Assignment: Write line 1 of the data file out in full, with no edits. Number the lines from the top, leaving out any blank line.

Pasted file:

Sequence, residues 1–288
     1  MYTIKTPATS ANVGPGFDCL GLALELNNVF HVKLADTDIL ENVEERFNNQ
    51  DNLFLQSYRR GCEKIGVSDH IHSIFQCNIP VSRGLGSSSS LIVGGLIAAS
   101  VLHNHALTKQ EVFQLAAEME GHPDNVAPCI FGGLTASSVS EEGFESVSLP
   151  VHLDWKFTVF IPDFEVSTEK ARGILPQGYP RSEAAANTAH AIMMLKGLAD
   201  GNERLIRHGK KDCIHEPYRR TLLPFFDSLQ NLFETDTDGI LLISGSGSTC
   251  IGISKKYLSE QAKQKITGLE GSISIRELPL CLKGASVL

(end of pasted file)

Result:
Sequence, residues 1–288